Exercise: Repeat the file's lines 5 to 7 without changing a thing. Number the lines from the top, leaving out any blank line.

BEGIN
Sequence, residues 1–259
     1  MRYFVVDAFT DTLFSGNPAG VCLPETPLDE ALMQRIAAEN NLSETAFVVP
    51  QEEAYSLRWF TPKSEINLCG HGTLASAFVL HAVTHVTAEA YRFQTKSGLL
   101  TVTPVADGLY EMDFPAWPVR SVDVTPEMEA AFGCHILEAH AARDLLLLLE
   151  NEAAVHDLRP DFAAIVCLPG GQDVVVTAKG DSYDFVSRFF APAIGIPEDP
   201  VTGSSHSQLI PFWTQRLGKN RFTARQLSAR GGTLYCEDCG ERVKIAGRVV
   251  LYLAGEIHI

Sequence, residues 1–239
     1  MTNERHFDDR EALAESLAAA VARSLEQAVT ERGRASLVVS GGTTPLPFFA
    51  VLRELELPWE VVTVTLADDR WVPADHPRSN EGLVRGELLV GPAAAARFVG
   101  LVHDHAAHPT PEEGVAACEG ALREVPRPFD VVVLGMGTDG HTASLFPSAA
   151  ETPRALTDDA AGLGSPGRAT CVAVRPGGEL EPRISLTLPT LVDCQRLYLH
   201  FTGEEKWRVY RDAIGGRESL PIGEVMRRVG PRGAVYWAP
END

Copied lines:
   151  NEAAVHDLRP DFAAIVCLPG GQDVVVTAKG DSYDFVSRFF APAIGIPEDP
   201  VTGSSHSQLI PFWTQRLGKN RFTARQLSAR GGTLYCEDCG ERVKIAGRVV
   251  LYLAGEIHI